What obstacles will I run into transitioning from Attic to Koine Greek?

Like Michael Masiello said, no real obstacles: things are simpler. There will be fewer Attic futures and Attic second declensions. In fact, they were historically called Attic not because they were alien to Doric (Doric loved the “Attic” future), but because they were alien to Koine. So λαός, σκανδαλίσω, not λεώς, σκανδαλιῶ. Some Latin loan words, but you will recognise them from English anyway: κουστωδία, κεντυρίων. Some particles are moving towards Modern Greek, so their usage may surprise you: ἵνα for example is closer to a subjunctive marker then just a purposive.

I’d just jump in. If you find it too easy, I’ll point you in the direction of Nonnus’ Homeric paraphrase of the Gospel of John. 🙂

What are the most romantic restaurants in Melbourne?

We truly are spoiled for choice in this town, Miguel Paraz.

I did take my future wife for Valentine’s Day to Grossi Florentino our first year of dating. It truly is a high temple of dining. It would have to be, at $200 a person.

But the place that pops into my head is Scugnizzo. Tucked away in a laneway of the more downmarket side of the CBD, in a lovely old brick warehouse, with a courtyard. Featuring an expansive mad genius Italian chef with creativity to spare, and good ingredients. It’s a place that makes you smile just to walk in. And I think it is well suited to canoodling…

Is it possible to shorten the ordinal numbers in modern Greek?

The traditional way of doing that is to use a Greek numeral; you could use them indiscriminately for ordinals, cardinals, and in antiquity even multiplicatives. So World War II, Henry VIII: Βʹ Παγκόσμιος Πόλεμος, Ερρίκος ο Ηʹ, which are in fact read out loud as Δεύτερος Παγκόσμιος Πόλεμος, Ερρίκος ο Όγδοος, with ordinals and not cardinals. (It is “Second World War”, never “World War Two”.) This is done for names and titles.

The ordinal numbers can have a superscript inflection ending, as is done in Romance languages. That does not happen with titles, but it is optional with non-titles: you can say α[math]^{ος}[/math], β[math]^{ος}[/math], γ[math]^{ος}[/math] πρωταθλητής for 1st, 2nd, 3rd champion. Alternatively, the suffix can be hyphenated: α-ος.

These days, you will also see Arabic rather than Greek numerals, always with the inflection, and the inflection can appear with no hyphen or superscript: 1[math]^{ος}[/math], 1ος. This is newer, and if Google is any indication, that’s the most common mechanism now. In the 80s, my primary school, Sitia Second, was named Βʹ Δημοτικό Σητείας (primary schools and high schools are numbered in each town); its blog now names it 2o ΔΗΜΟΤΙΚΟ ΣΧΟΛΕΙΟ ΣΗΤΕΙΑΣ. Patras Third High School, which is old and venerable, is listed on Wikipedia as Γ’ Γυμνάσιο Πατρών; but its Facebook page names it as 3ο ΓΥΜΝΑΣΙΟ ΠΑΤΡΩΝ.

Do Greeks have more in common with the Turks than they do with the French or Germans?

For much of the Nineteenth and Twentieth centuries, Greek identity was a tug of war between a Romaic and a Hellenic construct, between an identification with Ancient Greece via Western Europe (or vice versa), and the folk culture informed by the Byzantine and Ottoman Empires.

The Hellenes have won, but that victory is fairly recent. I don’t believe it truly predates the European Union. And that victory has certainly not been as thorough-going as people like to think.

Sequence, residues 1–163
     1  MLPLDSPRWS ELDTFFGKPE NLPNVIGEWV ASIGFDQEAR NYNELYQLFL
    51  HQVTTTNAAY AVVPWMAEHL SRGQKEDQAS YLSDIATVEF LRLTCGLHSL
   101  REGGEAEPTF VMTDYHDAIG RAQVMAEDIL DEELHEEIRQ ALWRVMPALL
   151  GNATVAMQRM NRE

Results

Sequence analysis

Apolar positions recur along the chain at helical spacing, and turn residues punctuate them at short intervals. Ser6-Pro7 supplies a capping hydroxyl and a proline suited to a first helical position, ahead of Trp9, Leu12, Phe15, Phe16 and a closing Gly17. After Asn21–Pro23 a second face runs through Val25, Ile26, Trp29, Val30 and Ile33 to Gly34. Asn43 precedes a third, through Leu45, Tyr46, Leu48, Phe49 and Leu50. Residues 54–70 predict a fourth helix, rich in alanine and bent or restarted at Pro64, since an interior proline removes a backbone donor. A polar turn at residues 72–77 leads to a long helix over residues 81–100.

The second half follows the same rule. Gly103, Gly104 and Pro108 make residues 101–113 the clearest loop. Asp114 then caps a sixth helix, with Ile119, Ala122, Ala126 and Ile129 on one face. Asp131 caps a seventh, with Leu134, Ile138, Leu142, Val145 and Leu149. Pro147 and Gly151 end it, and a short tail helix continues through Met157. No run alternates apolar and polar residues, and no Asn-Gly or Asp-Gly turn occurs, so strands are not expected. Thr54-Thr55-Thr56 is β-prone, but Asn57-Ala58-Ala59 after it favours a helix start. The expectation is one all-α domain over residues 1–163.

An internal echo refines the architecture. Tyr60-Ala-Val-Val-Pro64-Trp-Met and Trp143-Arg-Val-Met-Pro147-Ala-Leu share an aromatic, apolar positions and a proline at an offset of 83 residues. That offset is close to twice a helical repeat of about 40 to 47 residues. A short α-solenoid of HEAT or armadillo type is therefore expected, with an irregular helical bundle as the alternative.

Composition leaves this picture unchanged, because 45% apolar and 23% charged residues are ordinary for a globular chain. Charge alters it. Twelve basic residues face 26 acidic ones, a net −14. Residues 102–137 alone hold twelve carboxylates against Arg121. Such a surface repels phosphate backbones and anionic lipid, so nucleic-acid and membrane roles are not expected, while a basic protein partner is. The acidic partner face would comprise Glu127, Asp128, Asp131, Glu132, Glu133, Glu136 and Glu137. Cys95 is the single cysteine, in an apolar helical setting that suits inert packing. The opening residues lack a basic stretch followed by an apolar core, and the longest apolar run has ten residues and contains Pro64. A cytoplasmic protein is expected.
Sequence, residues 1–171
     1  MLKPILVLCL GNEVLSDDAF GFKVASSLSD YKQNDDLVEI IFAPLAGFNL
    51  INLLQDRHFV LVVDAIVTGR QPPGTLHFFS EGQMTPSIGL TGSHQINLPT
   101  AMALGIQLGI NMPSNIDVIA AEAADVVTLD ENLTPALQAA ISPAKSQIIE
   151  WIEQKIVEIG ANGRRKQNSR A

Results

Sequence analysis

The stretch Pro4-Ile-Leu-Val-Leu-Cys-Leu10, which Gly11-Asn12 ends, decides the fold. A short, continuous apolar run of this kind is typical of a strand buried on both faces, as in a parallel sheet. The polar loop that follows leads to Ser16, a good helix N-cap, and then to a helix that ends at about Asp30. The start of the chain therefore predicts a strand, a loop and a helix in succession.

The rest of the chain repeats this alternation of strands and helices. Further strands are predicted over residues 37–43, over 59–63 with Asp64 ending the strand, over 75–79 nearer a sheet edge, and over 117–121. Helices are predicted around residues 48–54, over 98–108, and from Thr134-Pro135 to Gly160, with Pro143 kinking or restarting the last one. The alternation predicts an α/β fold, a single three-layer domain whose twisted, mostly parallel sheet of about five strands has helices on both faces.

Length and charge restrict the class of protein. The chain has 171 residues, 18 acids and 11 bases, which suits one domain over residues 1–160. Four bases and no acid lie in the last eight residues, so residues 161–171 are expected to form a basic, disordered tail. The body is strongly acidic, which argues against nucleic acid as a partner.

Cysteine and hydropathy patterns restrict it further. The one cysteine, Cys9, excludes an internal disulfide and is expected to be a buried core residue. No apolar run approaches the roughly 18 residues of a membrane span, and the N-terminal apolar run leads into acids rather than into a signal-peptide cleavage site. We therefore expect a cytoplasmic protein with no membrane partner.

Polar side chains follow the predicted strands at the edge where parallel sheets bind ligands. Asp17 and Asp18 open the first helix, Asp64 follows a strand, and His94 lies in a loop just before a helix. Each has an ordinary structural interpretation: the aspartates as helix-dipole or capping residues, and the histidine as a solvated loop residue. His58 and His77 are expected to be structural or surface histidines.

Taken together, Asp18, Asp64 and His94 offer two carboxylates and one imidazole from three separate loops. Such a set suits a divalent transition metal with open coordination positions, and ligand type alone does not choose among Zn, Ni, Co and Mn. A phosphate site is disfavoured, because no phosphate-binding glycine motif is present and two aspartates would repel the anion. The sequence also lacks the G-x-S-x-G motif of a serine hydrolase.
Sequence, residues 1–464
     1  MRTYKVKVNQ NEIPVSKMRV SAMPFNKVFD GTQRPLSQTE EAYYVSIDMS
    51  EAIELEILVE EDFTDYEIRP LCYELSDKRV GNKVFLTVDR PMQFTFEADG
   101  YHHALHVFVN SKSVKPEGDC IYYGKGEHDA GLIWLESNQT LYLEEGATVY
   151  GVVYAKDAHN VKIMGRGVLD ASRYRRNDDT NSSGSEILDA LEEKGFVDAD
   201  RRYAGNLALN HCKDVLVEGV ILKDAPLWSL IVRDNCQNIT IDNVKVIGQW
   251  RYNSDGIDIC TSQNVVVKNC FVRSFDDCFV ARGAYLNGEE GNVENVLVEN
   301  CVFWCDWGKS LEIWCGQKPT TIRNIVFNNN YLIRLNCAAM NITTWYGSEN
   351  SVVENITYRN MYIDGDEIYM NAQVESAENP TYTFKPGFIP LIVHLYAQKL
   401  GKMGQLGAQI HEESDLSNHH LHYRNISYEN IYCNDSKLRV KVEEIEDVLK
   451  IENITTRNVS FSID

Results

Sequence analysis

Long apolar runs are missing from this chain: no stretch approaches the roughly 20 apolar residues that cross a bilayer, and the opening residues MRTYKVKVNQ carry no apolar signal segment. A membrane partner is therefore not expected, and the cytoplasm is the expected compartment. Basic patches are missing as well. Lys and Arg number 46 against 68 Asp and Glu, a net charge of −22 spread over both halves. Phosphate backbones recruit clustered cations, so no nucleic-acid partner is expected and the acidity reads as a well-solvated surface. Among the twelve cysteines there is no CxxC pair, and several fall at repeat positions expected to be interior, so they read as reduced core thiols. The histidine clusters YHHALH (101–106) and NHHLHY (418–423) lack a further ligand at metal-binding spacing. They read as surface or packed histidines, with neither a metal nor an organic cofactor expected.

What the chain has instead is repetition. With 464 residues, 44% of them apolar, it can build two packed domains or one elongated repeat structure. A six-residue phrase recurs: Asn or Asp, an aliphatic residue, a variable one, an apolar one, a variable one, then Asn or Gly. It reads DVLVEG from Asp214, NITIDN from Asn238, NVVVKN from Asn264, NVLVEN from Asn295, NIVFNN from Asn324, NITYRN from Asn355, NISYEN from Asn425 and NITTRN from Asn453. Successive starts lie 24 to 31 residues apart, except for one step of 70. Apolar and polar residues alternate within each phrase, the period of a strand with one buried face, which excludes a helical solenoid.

Turks have been the Other for Greeks too long for them to identify with the Turks. Especially when Greeks have so much invested in identifying as European.

All I can say is, there is a joy of recognition when I talk to Turks, that I don’t feel talking to Germans. That’s not just because of the commonalities in low rather than high culture. It’s also because those commonalities have been deprecated in official discourse. They have not been ignored, but they have been cast as something to be embarrassed about. So when I do encounter those commonalities, they are all the more resonant for me.

Are there any features, besides vocabulary, of human languages that only appeared relatively recently?

Written registers are a reasonably recent thing in human language, so the peculiarities of written language would qualify as innovations.

The catch is, the characteristics of written language I can think of are matters of degree, rather than categorical differences from spoken language. But they include things like syntactic complexity, anaphora referring back a long way, intolerance of ambiguity (because of the lack of access to immediate feedback), and notions of periodically structured sentences.

Answered 2017-06-06 · Upvoted by

Logan R. Kearsley, MA in Linguistics from BYU, 8 years working in research for language pedagogy. and

Steve Rapaport, Linguistics PhD candidate at Edinburgh. Has lived in USA, Sweden, Italy, UK.

Are speakers of non-standard languages discouraged from using the web?

The bulk of material on the Web, like the bulk of written material in general, is in standardised forms of languages. If you know the standardised form of your language, or the official language of your country, you can access the Web as well. And if you’ve gone to school at all, then you know a standard language. That’s a big part of the reason you went to school in the first place.

But the web does not suppress non-standard languages. On the contrary, it actually gives them a space to flourish. There is no gatekeeping for publishing content on the web, the way there is for Print Media; and the web encourages informal expression, which is associated with non-standard languages. Reportedly, texting has also encouraged people to use dialect, for the same reason. There is certainly much more Cypriot Greek content online proportionately, than has ever appeared in print.